The Western Australian Youth Orchestra punch well above their collective artistic weight in this ambitious and emotive program, writes Emma Jayakumar
Legends, Western Australian Youth Orchestra
Perth Concert Hall, 28 May 2023
There is a sense of drama in the air tonight, our orchestral young guns clearly in their element. In a program featuring dazzling solo and sectional virtuosity, the Western Australian Youth Orchestra (WAYO) shine brightest in the large tutti ensemble moments, particularly the more bombastic moments of Prokofiev’s Symphony No. 5 and Bernstein’s joyous Overture to Candide.
The Bernstein presents an exacting percussion section that gives way to uniformly excellent woodwind solos rippling through the orchestral texture. Warm strings enter in middle registers with gusto, led by an energetic Jon Tooby with excellent pace and sensitive attention to dynamics, while the buoyant brass section guides a confident conclusion. This piece really fizzes with energy and excitement, just as Bernstein intended – the highlight of the evening for me.
Arguably the most famous of Vaughan Williams’ pieces, The Lark Ascending is led assuredly by the sweet and introspective playing of soloist Paul Wright. A late addition to the program, Wright steers the ensemble skilfully and stylishly with clarity and pace. The famous opening three ascending chords are played exquisitely softly by WAYO’s strings, and hang suspended in the air while Wright brings to life a highly virtuosic solo with deftness and musical sensitivity.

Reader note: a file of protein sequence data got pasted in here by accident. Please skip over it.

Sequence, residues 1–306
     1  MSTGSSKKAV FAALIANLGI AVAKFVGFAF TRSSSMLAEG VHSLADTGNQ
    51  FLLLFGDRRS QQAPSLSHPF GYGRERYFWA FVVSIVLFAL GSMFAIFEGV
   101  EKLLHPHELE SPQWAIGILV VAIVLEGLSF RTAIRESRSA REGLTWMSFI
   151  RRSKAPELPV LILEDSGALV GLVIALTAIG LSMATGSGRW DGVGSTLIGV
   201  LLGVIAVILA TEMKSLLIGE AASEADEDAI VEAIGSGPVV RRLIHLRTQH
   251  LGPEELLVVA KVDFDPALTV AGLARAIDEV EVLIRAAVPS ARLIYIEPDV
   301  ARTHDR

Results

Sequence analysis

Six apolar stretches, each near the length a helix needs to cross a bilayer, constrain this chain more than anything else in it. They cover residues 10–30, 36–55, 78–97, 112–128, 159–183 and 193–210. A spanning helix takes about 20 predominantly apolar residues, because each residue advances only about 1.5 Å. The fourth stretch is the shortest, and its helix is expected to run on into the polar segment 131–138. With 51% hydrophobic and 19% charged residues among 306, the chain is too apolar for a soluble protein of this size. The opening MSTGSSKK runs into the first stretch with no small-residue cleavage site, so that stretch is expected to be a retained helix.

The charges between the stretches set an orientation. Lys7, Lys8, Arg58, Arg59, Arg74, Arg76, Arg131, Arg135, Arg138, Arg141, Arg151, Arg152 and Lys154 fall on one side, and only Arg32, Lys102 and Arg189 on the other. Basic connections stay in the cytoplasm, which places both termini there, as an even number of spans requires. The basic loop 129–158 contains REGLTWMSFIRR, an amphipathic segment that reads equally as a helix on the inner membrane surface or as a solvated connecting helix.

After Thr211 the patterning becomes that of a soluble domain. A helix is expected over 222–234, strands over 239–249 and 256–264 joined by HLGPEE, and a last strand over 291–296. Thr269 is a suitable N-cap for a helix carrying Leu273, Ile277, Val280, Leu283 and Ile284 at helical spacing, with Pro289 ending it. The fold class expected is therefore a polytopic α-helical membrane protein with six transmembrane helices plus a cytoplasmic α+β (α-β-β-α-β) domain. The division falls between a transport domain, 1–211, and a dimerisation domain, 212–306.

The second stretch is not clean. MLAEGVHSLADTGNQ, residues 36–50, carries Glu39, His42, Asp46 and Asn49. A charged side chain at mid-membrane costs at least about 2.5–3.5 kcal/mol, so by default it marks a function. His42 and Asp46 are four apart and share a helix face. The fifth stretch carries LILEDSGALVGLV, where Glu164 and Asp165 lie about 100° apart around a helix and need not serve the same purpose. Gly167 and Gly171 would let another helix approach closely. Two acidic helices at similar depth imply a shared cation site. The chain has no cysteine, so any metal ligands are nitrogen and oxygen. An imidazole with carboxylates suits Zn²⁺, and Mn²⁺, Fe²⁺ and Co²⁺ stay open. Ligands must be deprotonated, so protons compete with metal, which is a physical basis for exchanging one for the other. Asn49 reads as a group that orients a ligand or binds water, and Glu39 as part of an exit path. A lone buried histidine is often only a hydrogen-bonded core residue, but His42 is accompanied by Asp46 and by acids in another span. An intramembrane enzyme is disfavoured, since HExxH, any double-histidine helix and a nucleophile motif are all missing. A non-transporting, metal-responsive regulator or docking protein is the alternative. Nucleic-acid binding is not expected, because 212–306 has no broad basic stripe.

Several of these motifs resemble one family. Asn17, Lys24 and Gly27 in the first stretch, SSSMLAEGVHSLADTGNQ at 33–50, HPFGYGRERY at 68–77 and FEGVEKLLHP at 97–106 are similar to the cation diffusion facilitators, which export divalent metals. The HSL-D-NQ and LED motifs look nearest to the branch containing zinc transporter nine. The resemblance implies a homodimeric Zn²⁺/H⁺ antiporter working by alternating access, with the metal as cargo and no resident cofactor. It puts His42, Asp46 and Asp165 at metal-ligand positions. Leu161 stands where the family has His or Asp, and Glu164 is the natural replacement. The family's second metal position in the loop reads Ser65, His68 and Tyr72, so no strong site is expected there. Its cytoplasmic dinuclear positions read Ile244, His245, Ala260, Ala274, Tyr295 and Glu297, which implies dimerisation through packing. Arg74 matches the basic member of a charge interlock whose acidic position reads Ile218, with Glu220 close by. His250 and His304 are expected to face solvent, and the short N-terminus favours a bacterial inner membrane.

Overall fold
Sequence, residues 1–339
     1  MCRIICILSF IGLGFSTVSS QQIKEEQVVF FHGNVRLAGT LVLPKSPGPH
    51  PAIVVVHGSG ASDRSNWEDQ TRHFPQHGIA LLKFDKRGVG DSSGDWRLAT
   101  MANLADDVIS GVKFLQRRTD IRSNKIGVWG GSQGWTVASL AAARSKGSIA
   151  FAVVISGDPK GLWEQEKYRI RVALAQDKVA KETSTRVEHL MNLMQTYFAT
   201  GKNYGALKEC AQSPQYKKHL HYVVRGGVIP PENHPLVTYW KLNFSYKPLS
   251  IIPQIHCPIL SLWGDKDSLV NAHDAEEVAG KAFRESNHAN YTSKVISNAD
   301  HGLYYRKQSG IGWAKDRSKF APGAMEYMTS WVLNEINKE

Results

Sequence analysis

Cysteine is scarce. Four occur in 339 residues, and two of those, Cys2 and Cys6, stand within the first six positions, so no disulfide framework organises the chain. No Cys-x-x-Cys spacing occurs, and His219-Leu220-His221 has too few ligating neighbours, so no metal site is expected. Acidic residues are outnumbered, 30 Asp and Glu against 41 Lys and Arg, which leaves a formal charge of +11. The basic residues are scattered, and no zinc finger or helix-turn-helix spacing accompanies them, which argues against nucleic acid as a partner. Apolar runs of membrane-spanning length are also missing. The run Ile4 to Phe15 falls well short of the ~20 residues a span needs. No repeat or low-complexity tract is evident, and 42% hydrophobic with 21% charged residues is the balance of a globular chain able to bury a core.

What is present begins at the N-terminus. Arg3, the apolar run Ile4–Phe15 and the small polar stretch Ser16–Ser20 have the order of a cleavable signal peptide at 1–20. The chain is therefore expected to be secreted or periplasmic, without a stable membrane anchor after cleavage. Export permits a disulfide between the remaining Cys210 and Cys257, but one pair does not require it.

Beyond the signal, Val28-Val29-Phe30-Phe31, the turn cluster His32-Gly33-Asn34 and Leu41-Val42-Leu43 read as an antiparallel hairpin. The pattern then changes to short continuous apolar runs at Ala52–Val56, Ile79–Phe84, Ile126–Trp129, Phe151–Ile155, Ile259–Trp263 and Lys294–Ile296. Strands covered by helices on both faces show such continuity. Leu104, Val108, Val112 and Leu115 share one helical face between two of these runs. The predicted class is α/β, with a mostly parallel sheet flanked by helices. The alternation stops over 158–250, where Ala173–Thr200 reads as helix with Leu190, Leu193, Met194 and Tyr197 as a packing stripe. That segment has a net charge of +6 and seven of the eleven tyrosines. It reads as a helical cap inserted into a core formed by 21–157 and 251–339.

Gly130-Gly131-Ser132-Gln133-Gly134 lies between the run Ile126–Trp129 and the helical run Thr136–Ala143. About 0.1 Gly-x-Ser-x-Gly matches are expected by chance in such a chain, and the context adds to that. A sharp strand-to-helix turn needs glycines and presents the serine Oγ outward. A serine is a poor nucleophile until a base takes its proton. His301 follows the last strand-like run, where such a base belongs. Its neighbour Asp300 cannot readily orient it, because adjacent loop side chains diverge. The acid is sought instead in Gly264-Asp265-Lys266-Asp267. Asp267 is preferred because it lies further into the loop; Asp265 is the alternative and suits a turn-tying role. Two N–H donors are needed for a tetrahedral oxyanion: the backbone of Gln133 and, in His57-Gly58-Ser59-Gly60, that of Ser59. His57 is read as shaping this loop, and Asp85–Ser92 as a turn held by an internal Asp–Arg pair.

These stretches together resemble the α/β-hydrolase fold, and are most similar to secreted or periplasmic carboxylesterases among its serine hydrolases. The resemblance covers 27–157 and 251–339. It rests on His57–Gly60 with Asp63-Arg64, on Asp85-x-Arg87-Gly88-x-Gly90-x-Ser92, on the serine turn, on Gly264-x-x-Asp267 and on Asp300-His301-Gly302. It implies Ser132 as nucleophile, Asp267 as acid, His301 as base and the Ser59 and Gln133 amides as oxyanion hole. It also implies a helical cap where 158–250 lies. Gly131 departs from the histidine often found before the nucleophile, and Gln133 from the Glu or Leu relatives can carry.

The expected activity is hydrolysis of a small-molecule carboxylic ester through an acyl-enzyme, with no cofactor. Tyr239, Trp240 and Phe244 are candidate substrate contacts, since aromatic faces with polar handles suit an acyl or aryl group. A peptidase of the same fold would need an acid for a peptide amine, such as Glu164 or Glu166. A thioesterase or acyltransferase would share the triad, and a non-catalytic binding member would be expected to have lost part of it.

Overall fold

There are many challenging sections of this work, deceptive in its simplicity and exposed soft horn and woodwind entries. The orchestra has a few moments of messy tentativeness, but Wright – supported by Tooby – admirably moves through with confidence and the piece soars to a gorgeous and melodic conclusion. This is great leadership of a young ensemble from soloist and conductor.
Paul Jarman’s two sparkling gems of choral writing, Sea of Berries and Pemulwuy, with wonderful orchestration by Lee Bradshaw, showcase the Penrhos College combined chorale. They sing sweetly and with good attention to diction and intonation, well prepared for their role. These disparate pieces are well-written and engaging for young voices, with evocative text and contrasting pace.
Prokofiev is the big beast to tackle after the interval, and WAYO rise to the challenge with musical intelligence. It’s lovely to see the players smiling often in appreciation throughout this symphony at sections that delight them.
There is much to love about this piece; it gives every section of the orchestra a chance to shine, and shine they do. Exposed moments of gentle softness are better executed, with wonderful dynamic variation and attention to detail. The ominous and awesome bass moments of the melancholy first movement give way to a pacy second movement with great transitions and perky woodblock and woodwind sectionals.
Big bombastic brass pops in the third movement yield to exquisite string tutti sections, with solo piccolo and woodwinds providing moments to relish. The fourth movement features a culmination of the evening’s exceptional woodwind playing, particularly B-flat clarinet, flute, and bassoon. French horns push through with dramatic force, while a gun percussion section expertly pilots a thrilling ending.
This beast is in full flight and admirably rendered by a promising next generation of wonderful Western Australian orchestral musicians.
Pictured top: Conductor Jon Tooby leads WAYO with skill and style in an emotive program. Photo supplied
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